All I want for Christmas this year is a box full of kids’ gift books. That’s exactly how I feel after perusing these inspiring selections, which include visual, musical and artistic treasures, plus boatloads of fun and games.
ALL ABOARD THIS BOOK
Preschoolers will eagerly hop aboard Train: A Journey Through the Pages Book, Mike Vago and Matt Rockefeller’s sure-to-be-a-hit creation. Young engineers can steer a small plastic steam engine across “tracks” built into the book’s pages, starting early in the morning in a train yard and traveling through a city full of skyscrapers, hillside towns, snow-capped mountains, wide-open prairies, a parched desert and a cheerful seaside bay. Colorful illustrations in this changing American landscape offer the feel of a cross-country journey as the train travels over rivers and navigates mountainous curves.
Clever construction allows the train to stay on its “tracks,” moving seamlessly from page to page. Finally, at the end, a tunnel built into the book allows train lovers to start their journey all over again.
A YEAR OF LEGO FUN
Does your LEGO lover need inspiration? From the creative team that developed the bestselling The LEGO Ideas Book and LEGO Awesome Ideas comes 365 Things to Do with LEGO Bricks. It’s packed with a variety of activities, games, challenges and pranks that will appeal to everyone from elementary students to young-at-heart grown-ups. A small timer allows builders to race against the clock during select challenges, or use its random number generator to decide which project to pursue.
This is not a book for beginners, nor does it offer step-by-step instructions, but the projects are incredibly varied, colorful and appealing. Build an animated bear’s head or a model of your bedroom. Put on a magic show, or film your own LEGO movie. Construct a small pinball machine, a shark that bites or a carnival shooting gallery. This is creativity at its best, and it’ll keep your builder busy all year long.
MUSIC TO YOUR EARS
Kids tend to love “sound books,” but endless pushing of those buttons can quickly drive parents over the brink. Not so with Katie Cotton’s The Story Orchestra: Four Seasons in One Day, the story of a girl and her dog set to the sounds of Vivaldi’s “Four Seasons,” the first in a series of books to bring classical music to life for kids.
As readers follow young Isabelle and her dog, Pickle, through the year, beginning with a Spring Festival and ending on a snowy winter’s eve, buttons on each spread play snippets of movements from Vivaldi’s opus. Artwork by Jessica Courtney-Tickle is a gorgeous riot of color and detail, guaranteed to hold readers’ interest as they listen to the music.
An informative spread at the end contains a capsule biography of the composer, a short glossary and brief explanations of the music featured on each spread. The Story Orchestra is an innovative little master class for young listeners.
BRINGING ART TO LIFE
What might Vincent van Gogh have been thinking about when he was about to paint one of his most famous masterpieces? Elementary school students will be in the know after reading Vincent’s Starry Night and Other Stories: A Children’s History of Art, a creative and comprehensive look at masterworks from cave paintings to Chinese artist and activist Ai Weiwei.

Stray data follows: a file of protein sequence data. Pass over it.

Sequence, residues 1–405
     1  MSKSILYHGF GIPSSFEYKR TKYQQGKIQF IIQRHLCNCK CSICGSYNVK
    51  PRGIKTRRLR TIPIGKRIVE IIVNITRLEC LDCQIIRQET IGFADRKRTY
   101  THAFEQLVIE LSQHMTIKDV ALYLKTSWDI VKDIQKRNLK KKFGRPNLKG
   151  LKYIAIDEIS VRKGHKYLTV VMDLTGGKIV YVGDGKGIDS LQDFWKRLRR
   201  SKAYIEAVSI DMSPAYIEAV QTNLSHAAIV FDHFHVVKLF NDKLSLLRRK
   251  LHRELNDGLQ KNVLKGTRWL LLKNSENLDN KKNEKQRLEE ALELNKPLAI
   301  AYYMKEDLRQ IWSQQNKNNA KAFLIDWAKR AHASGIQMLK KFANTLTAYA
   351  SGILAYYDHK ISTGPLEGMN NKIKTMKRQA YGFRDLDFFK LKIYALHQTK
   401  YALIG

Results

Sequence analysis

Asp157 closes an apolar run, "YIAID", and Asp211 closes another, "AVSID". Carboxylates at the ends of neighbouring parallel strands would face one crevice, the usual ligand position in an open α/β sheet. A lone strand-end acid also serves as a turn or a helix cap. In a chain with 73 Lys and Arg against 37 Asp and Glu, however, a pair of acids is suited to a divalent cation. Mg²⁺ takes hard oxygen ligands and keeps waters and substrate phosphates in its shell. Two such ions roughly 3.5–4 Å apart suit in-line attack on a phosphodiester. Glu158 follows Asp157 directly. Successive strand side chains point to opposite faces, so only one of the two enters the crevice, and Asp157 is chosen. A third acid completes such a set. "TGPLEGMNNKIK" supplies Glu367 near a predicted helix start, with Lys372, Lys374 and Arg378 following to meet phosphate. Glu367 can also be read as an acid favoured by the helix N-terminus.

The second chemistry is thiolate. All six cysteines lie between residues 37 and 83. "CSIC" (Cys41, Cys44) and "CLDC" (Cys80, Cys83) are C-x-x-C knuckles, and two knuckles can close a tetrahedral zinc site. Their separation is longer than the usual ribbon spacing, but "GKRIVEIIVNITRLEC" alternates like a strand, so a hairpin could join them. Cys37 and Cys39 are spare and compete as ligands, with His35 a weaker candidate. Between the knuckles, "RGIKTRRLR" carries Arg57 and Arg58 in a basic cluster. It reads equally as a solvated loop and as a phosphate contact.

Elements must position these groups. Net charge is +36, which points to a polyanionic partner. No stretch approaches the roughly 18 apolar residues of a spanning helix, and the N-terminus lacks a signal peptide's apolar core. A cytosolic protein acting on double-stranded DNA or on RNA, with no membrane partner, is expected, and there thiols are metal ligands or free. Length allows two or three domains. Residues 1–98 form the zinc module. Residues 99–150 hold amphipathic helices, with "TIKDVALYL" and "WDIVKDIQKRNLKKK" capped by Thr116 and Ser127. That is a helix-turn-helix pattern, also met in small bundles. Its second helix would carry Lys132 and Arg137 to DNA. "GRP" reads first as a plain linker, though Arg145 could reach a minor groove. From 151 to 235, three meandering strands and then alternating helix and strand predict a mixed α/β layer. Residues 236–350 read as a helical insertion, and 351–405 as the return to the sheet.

Art historian Michael Bird brings 68 stories to life using fact-filled creative nonfiction. For instance, Bird describes Jackson Pollock’s creative process through the eyes of the artist’s wife: “He dips a wooden stick into another pot, and flicks and drips the paint—here, there, too quick for thinking. All the time, he strides and kind of dances around the canvas, bent over it, a magician casting a spell.”
Each chapter offers an intriguing and informative tale and is accompanied by a photograph of the artwork being discussed, as well as Kate Evans’ evocative illustrations of the artist at work. This lovely book is rounded out by a map, timeline, glossary and list of artworks.
There is no end of children’s magic kits and books, but The Magic Show Book has everything young illusionists need, including props, pop-up tricks and materials to make your own special “shrinking” magic wand—a trick in itself. (Parents will particularly appreciate this self-contained aspect.)
Each colorful page includes a flap with hidden instructions showing how to practice and perfect tricks such as “Tricky Chicken,” “The Astonishing Slicer” and “Eyes on the Ace.” Additional pages explain a variety of rope (shoelace), coin and card sleights of hand. There’s even a pop-up magic hat.
The Magic Show Book is bound to appeal to a broad spectrum of elementary students; just prepare to watch and be amazed.
TRULY MAGICAL NATURE
Kids and adults alike may fight over Illuminature: Discover Hidden Animals with Your Magic Three Color Lens. The Italian artistic duo known as Carnovsky (Silvia Quintanilla and Francesco Rugi) bring their RGB Project (red, green and blue) to the world of children’s books, providing a unique journey through 10 of the world’s habitats, from the Andes Mountains to the Ganges River Basin.
Something amazing happens when you view Carnovsky’s artwork through the provided viewing lens. See daytime animals through the red lens, plant life abounds with the green lens, and nocturnal and crepuscular animals appear through the blue lens. A total of 180 are hidden within, waiting to be discovered.
While observers are busy staring at the wonderful transformations on these oversize pages, they’ll be soaking in plenty of data as well. Rachel Williams’ well-organized text provides facts about each destination as well as the varieties of species seen on each page. Leaping lizards, don’t miss this book!